Born in France, Durkheim descended from a line of rabbis. In his youth, however, he disavowed his Jewish heritage. For this, he was regarded by many as an agnostic. Religion, however, plays an important role in Durkheim's mind. He thinks of religion as a "form of sociology." No society can exist independently of religion, or of an idea of "sacredness." Every society distinguishes between the sacred and the profane, as he writes in The Elementary Forms of Religious Life." It is this knowledge which contributes to social solidarity and cohesion, the defining moral order. Structural-functional analysts derive much from Durkheim's study of religion.
Durkheim has been regarded by many as the "father of modern Sociology" because of his perceptive insights into society. In his doctoral dissertation, he outlined the mechanics of division of labor, which suggested that increasing specialization of labor and skills was accompanied by rapid industrialization in Europe. Today, this correlation is still widely held as binding.
Industrialization, however, has a price. With it comes a "breakdown" in the rules that govern behavior, leading to anomie or a condition of "normlessness." The term anomie is one of Durkheim's lasting contributions in the study of deviance. In brief, anomie = Lack of Regulation / Breakdown of Norms. He defines it as a condition where social and/or moral norms are confused, unclear, or simply not present. Durkheim felt that this lack of norms--or preaccepted limits on behavior in a society--led to deviant behavior.
"Industrialization in particular, Durkheim believes, tends to disolve restraints on the passions of humans. Where traditional societies--primarily through religion--successfully taught people to control their desires and goals, modern industrial societies separate people and weaken social bonds as a result of increased complexity and the division of labor. This is especially evident in modern society, where we are further separated and divided by computer technology, the internet, increasing bureaucracy, and specialization in the workplace. Perhaps more than ever before, members of Western society are exposed to the risk of anomie." (From: http://durkheim.itgo.com/anomie.html)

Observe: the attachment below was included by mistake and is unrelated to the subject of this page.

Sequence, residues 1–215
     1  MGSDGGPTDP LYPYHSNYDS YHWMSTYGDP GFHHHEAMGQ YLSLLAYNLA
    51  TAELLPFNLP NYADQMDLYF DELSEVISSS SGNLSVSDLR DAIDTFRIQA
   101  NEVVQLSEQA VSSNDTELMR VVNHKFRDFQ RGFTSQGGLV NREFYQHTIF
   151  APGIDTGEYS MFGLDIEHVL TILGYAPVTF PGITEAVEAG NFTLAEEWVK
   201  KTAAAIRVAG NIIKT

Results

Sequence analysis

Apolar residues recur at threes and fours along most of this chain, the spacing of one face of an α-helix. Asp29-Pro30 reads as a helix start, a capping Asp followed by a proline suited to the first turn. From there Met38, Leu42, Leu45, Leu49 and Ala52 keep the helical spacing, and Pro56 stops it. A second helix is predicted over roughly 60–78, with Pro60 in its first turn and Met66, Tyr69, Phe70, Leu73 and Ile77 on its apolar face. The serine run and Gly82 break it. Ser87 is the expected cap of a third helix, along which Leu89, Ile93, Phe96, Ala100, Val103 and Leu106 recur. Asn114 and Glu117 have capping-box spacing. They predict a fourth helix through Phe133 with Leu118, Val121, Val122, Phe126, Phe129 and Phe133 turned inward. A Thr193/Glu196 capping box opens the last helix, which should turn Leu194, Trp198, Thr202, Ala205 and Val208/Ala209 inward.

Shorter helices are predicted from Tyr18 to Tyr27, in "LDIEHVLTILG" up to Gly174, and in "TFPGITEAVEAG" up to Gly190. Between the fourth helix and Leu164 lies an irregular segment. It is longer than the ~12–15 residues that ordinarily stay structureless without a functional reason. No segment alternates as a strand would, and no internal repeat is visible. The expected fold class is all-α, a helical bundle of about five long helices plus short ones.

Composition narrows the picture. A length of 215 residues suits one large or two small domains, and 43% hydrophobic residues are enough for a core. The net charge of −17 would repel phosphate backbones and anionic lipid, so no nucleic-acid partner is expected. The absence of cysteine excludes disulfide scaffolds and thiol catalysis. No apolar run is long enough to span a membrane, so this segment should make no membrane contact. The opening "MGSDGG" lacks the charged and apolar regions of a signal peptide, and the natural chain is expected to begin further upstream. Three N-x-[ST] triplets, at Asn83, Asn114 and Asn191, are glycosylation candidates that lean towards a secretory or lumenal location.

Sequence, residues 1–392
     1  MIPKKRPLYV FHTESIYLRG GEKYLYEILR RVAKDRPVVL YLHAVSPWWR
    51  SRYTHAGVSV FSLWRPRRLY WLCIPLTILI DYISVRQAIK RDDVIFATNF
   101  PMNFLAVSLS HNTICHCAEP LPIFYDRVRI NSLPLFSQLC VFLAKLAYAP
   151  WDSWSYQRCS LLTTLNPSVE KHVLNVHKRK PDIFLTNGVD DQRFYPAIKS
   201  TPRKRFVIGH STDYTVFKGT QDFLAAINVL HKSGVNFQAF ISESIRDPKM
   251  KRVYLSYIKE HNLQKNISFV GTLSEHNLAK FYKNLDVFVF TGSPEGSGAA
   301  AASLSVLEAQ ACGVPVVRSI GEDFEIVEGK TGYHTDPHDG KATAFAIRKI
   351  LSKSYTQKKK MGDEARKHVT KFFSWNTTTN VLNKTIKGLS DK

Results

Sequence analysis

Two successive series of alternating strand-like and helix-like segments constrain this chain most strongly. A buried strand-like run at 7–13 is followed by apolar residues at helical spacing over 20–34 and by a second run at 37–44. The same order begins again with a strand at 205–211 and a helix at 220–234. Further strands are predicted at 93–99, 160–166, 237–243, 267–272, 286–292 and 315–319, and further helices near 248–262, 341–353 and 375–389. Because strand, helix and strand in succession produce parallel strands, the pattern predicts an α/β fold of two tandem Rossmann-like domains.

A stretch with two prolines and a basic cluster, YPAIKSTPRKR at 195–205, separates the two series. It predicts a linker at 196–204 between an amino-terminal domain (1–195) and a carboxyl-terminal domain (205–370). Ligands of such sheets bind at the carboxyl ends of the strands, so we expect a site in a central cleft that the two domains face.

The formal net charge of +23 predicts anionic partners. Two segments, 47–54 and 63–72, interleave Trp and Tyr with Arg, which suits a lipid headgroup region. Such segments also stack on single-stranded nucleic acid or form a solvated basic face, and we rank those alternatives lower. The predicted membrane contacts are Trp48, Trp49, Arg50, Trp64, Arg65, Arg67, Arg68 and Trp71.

Anomie, in turn, is responsible for four kinds of suicide: 1. altruistic, 2. egoistic, 3. anomic, and 4. fatalistic. (see G. Ritzer for their meanings and explanations.) "Man is the more vulnerable to self-destruction the more he is detached from any collectivity, that is to say, the more he lives as an egoist." (1972, p.113 [exceprt from Moral Education])
Other contributions of Durkheim:
- Mechanical vs. organic solidarity. Mechanical Solidarity - Social cohesion based upon the likeness and similarities among individuals in a society, and largely dependent on common rituals and routines. Common among prehistoric and pre-agricultural societies, and lessens in predominance as modernity increases. Organic Solidarity - Social cohesion based upon the dependence individuals in more advanced society have on each other. Common among industrial societies as the division of labor increases. Though individuals perform different tasks and often have different values and interests, the order and very survival of society depends on their reliance on each other to perform their specific task. (From: http://durkheim.itgo.com/solidarity.html).
- Division of labor. "...Social harmony comes essentially from the division of labor. It is characterized by a cooperation which is automatically produced through the pursuit by each individual of his own interests. It suffices that each individual consecrate himself to a special function in order, by the force of events, to make himself solidary with others." (Durkheim, 1933, p.200)
- Social facts. 1. Those social facts relevant to the organism of society as a whole. Its population, its technology and its territory/environment. These social facts are those that form the basic conditions of existence of a given society. Indeed these social facts could be said to form the 'environmental context' of a society. 2. The social facts underlying the social institutions within a society. The institutions of the state, education and family for example. 3. The facts relating to the norms, the values and the moralities of a society. What Durkheim called the `collective representations' of a society which constituted a society's culture. (From: http://www.sociologyonline.co.uk/soc_essays/DurkEssay.htm)